Delivering difficult news Show that you care and be authentic  Recognize how giving difficult diagnosisDelivering difficult news Show that you care and be authentic Recognize how giving difficult diagnosis affects you as a health professional Parents often relate that the direct approach was jarring Its best to discuss their concerns review your findings and any tests and how you came to the conclusion

Delivering difficult news LISTEN TO PARENTAL CONCERNS  Become familiar with concerns Review and clarify allDelivering difficult news LISTEN TO PARENTAL CONCERNS Become familiar with concerns Review and clarify all information provided Be thorough and GET THE WHOLE PICTURE Bring both parents and care giver into the evaluation. If possible include grand parents or older siblings If spouse not present send notes, contact person by phone or let family record on tape Include person when appropriate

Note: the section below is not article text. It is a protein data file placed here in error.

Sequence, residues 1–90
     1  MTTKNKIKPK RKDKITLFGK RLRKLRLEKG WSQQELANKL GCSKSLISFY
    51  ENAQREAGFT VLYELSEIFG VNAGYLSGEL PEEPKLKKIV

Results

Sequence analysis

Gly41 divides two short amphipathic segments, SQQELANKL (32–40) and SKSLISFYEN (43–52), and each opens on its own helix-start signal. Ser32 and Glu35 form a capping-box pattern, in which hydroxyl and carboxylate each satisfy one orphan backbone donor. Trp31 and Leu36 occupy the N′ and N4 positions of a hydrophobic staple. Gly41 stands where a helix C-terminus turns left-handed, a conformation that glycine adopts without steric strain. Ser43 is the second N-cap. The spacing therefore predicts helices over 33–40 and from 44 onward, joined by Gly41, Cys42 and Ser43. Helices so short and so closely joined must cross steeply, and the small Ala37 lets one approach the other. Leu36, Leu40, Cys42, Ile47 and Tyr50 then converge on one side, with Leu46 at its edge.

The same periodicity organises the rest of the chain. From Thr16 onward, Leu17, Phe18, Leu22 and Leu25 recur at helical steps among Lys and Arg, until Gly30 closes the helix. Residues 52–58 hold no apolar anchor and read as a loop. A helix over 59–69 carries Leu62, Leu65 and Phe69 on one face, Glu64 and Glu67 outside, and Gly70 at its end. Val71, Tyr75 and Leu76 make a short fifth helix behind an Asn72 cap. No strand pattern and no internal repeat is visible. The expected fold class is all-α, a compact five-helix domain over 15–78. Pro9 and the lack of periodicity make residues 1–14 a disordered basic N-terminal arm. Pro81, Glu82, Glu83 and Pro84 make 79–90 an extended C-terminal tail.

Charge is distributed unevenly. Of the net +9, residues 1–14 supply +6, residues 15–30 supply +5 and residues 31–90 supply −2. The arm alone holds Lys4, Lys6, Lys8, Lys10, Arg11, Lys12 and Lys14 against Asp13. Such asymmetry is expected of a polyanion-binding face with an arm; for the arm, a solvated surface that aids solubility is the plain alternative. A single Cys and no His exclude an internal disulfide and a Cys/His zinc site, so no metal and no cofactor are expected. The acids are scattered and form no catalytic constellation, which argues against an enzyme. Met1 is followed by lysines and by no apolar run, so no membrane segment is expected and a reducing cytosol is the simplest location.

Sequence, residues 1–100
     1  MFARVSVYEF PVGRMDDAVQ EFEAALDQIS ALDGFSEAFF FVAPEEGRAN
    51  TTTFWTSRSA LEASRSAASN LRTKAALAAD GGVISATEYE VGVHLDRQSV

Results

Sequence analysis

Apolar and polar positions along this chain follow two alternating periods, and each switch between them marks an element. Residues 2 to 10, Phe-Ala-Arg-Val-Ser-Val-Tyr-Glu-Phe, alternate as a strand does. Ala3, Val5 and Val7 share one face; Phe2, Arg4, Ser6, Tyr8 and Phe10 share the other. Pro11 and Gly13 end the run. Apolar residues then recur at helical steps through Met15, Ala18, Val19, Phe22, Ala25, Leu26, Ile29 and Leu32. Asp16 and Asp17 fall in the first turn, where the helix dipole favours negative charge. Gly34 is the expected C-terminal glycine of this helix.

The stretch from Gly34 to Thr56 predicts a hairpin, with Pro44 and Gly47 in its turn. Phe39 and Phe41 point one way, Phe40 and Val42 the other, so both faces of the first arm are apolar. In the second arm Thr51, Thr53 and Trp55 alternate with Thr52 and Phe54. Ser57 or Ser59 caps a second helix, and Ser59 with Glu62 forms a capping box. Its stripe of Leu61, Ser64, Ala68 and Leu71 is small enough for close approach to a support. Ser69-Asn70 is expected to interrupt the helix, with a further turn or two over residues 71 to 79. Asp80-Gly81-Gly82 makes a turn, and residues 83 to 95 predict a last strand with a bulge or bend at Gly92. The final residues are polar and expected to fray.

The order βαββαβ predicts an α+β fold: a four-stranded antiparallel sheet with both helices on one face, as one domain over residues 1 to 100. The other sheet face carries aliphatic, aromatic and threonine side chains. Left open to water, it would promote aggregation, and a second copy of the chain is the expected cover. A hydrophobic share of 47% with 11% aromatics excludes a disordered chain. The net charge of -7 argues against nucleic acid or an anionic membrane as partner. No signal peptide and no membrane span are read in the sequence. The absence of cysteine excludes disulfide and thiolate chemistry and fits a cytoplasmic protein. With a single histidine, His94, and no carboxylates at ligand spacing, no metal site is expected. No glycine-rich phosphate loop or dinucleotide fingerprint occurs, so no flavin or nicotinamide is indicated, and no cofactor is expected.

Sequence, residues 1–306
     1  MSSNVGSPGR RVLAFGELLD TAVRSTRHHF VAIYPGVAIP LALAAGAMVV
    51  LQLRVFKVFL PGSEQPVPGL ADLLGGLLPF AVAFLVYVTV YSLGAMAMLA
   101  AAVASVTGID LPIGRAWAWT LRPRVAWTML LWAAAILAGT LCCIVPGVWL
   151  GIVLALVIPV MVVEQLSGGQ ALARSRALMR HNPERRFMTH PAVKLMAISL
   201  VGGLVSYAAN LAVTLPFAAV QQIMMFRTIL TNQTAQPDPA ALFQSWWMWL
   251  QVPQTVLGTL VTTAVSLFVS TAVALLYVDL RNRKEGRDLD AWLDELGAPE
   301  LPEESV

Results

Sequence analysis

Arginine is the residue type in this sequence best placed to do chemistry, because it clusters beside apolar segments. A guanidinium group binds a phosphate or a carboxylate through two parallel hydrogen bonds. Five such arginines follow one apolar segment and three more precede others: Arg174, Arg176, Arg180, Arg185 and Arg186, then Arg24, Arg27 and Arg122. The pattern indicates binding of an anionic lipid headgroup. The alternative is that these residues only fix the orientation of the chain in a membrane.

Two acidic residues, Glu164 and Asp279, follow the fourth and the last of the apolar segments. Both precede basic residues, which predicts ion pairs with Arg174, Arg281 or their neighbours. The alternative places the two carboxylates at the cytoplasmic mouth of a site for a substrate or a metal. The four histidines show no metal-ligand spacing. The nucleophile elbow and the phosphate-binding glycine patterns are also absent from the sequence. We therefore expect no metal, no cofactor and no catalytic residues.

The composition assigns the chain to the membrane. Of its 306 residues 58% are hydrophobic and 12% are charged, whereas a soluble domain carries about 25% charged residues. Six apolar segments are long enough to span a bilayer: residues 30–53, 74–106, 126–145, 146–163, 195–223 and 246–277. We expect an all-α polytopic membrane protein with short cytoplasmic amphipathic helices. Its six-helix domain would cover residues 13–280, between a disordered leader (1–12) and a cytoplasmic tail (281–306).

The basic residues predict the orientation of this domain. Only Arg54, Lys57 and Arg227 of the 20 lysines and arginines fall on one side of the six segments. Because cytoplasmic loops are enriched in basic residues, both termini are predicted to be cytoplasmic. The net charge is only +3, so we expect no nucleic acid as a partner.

Delivering Difficult News (continued ) Translate medical jargon Be clear, concise and avoid confusing information BeDelivering Difficult News (continued ) Translate medical jargon Be clear, concise and avoid confusing information Be specific and use appropriate terms Be aware of what the diagnosis means to this family Offer hopeful discussions Identify family support systems, (grandparents , family, church, social systems friends etc) and coping mechanisms

Delivering Difficult News (continued) Be sensitive to the family’s response Reach out to parent or childDelivering Difficult News (continued) Be sensitive to the family’s response Reach out to parent or child with a touch Allow quiet time for parents to confirm what has been said; when people are in crisis they do not hear after the initial diagnosis. Acknowledge parents emotional response Acknowledge what you do not know but would be willing to find out

Delivering Difficult News (continued Be open and non-judgmental Express empathy and concern and be supportive DiscussDelivering Difficult News (continued Be open and non-judgmental Express empathy and concern and be supportive Discuss choices and options Respect family values strengths and competence Be aware of cultural differences and religious beliefs Give families time to accept , deny, grieve and be angry